Each year, hundreds innocent children are abducted from their homes and taken to foreign countries - victims of international parental abduction. In 1980, the U.N. developed The Hague Convention on Civil Aspects of International Childhood Abduction in order to protect children from wrongful international abduction, and to ensure that abducted children are safely returned to their homes. Although scholars laud the Convention as being generally effective, perverse results sometimes arise in the U.S., where courts are struggling to interpret the Convention's provisions so that they do not harm victims of domestic violence. This note suggests a novel way to improve the Convention: looking to the Violence Against Women Act for ways to improve the Convention. The Violence Against Women Act provides evidence of the extent of domestic violence on the national level, and such evidence may influence Congress, state legislatures, and U.S. courts to interpret the Convention's provisions in a way that aids victims of domestic violence. Moreover, VAWA's subsections provide valuable insight as to how and where Congress and state legislators can better protect women that fall victim to the Convention's provisions.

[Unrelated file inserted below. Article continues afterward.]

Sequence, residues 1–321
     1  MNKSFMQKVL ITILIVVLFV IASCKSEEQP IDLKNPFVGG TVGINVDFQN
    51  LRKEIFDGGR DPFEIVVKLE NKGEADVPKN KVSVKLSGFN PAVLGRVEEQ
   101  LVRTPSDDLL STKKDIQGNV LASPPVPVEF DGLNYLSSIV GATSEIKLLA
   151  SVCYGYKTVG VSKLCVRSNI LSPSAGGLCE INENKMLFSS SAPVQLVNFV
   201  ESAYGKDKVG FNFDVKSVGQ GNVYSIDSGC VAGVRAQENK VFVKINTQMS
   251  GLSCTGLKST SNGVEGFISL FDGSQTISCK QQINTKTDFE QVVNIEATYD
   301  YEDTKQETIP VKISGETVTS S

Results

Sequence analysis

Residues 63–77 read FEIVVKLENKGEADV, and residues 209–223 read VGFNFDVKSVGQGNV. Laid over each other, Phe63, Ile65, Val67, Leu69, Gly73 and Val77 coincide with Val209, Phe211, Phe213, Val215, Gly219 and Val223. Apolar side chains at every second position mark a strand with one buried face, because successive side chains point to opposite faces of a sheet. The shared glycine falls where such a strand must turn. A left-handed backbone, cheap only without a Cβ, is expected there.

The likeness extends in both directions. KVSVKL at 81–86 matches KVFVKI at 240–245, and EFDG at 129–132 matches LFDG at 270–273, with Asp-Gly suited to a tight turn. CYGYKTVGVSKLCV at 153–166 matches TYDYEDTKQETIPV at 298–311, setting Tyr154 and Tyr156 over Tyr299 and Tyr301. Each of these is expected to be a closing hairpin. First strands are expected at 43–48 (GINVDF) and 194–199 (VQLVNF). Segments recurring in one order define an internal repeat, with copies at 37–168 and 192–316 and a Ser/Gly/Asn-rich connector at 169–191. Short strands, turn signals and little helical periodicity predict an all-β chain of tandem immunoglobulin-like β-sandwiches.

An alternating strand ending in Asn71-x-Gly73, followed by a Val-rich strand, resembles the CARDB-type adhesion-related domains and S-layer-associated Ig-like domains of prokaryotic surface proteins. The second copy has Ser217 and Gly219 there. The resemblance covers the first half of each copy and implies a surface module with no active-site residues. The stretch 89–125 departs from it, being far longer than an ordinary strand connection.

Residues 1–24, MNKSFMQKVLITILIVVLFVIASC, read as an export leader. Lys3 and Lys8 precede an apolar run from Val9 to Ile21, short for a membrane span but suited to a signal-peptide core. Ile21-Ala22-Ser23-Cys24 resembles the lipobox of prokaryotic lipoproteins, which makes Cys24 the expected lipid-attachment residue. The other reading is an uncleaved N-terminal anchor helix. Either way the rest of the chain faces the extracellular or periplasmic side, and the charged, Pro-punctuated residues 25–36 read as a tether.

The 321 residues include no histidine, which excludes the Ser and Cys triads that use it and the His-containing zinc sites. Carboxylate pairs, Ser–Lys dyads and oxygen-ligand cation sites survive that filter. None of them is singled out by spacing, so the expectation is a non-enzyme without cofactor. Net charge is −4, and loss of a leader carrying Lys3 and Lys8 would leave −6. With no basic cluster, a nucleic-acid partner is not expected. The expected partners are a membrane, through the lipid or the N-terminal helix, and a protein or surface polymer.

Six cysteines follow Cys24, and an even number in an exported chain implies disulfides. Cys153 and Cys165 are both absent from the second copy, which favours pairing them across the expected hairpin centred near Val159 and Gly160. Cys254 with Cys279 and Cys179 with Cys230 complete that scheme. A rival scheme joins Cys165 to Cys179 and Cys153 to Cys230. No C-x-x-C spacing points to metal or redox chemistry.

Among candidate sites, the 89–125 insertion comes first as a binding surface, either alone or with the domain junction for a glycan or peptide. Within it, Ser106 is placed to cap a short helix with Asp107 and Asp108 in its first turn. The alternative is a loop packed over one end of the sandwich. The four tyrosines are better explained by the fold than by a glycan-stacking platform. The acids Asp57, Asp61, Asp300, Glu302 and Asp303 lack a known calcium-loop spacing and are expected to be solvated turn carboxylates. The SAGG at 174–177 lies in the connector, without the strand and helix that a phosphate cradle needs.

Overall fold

Dan Beth Finkey,
The Hague Convention on the Civil Aspects of International Childhood Abduction: Where Are We, and Where Do We Go from Here,
30 Hastings Int'l & Comp. L. Rev. 505
Available at: https://repository.uchastings.edu/hastings_international_comparative_law_review/vol30/iss3/6